Alternatively, you can ask them why they chose you first. If you do this, their answer will reveal the reason they want to do business with you. Your job is to use that reason to help them buy from you. For example, they may already service with you or you have a vehicle they’re interested in seeing. Whatever the reason, use it to move to the next step:

Customer: “You’re the closest dealership to our house.”

Salesperson: “Great; so, it sounds like you’ve probably got a full day ahead of you. Let me do this; let’s get to the vehicles you want to see first and get you all the information, then you can leave here knowing all you need to know quickly. Does that sound fair?”

Assumptive Selling teaches you that no one wants to visit two dealerships. They chose you first because they want to buy from you – even if you’re simply the closest dealership to their home. We know that most everyone expects a hassle when they start the car shopping process, so let’s remove the hassles right away and let them know we can help them gather the information they need quickly.

Learn the word tracks and processes to overcome more than 60 additional objections in this 400+ page guide to selling more for more!

Our first goal is to get them to the demo drive, not to get them to buy our vehicle. Focusing on helping them gather information quickly will open them up to your next steps. If they answered your earlier question that they’ve already been to a few place, then you’ll want to deep dive on that:

Salesperson: “Great, most of my customers who’ve already visited a few places tell me they either can’t find the right vehicle or the right price. What’s been your biggest headache so far?

This is where knowing your inventory and understanding the unique benefits of your new vehicles comes into play. If you have decent product knowledge, you can begin asking questions to move them through your process and onto the test drive. For example, if they say they haven’t found the right vehicle because they need something good on gas that’s large enough for seven people and doesn’t cost an arm and a leg, you might answer with:

Salesperson: “Okay, it sounds like you’re looking for a larger vehicle that’s also efficient. If I’ve got a suitable alternative you love with the right rebates, I assume you’re ready to stop this endless shopping and get the vehicle you’re looking for. Let me do this. Let me show you some new Explorers with the EcoBoost engine. Then, I promise to put together all the information and pricing on the Explorer you like best. Does that sound like a plan?”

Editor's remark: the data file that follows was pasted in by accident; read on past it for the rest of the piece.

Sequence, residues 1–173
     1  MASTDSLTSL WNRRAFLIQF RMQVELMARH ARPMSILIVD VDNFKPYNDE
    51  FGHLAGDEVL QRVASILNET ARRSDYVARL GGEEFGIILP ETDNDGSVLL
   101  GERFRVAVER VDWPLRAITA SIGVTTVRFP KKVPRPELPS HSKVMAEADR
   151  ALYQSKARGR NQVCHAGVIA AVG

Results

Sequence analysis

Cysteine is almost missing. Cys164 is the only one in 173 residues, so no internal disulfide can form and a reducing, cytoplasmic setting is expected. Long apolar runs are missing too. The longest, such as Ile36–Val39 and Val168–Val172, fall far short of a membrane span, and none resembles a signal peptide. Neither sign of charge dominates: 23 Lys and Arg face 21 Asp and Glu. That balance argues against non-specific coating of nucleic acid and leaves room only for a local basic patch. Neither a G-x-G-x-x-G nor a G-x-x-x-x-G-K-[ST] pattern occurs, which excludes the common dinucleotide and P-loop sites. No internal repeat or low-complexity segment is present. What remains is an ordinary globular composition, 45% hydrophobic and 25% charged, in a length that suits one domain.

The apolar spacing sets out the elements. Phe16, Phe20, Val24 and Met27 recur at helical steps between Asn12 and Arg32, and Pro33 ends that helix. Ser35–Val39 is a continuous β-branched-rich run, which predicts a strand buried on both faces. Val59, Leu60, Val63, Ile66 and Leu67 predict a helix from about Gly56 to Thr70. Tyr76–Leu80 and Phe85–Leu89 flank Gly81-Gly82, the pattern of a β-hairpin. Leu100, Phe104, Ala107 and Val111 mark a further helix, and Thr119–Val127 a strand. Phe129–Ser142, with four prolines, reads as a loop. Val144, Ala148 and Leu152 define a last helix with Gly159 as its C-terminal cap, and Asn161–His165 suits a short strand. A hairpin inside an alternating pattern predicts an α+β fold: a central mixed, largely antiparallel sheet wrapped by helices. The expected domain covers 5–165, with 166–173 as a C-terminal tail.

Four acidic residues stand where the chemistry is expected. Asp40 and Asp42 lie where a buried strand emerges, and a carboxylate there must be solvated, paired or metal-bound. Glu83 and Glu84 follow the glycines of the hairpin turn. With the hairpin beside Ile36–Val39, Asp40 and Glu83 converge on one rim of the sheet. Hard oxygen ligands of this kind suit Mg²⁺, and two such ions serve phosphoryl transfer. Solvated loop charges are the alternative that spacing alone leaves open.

In this case, we’re already teeing up the customer for the write-up even before we have a demo drive set. That’s okay, because it’s just a soft trial close on the write-up without just vomiting all the information about our vehicle. Contrast that with a salesperson who just blathers on about how fuel efficient and affordable the Explorer is (which sounds like you’re selling them instead of helping them buy). Once we find a suitable Explorer we’ll assume the demo drive.

Conversely, if they just comment that one thing (like price, selection, salesperson, etc.) was the problem, they’ve given you everything you need to know to move them through your process.

Customer: “The last dealer wasn’t willing to budge on price.”

Salesperson: “Okay, thank you; that helps. So, what I’m hearing is that if we can agree on a price you like, you’d like to own the Tundra today; is that right?”

This is a very traditional (and still very effective) closing technique sometimes called the Concession Close. You don’t agree to the concession, you merely acknowledge it. If you agree to a concession, you end up inviting more customer demands throughout the rest of the buying process.

Want to learn how to overcome more than 60 additional objections automotive salespeople hear on the lot and on the phones (and so much more)? Check out: Assumptive Selling: The Complete Guide to Selling More Vehicles for More Money to Today’s Connected Customers.

This article is an edited excerpt from this 400+ page book written for all automotive sales professionals, including managers, dealers, salespeople and BDC agents.

To learn more or to receive discounts on bulk purchases of 10 or more copies, visit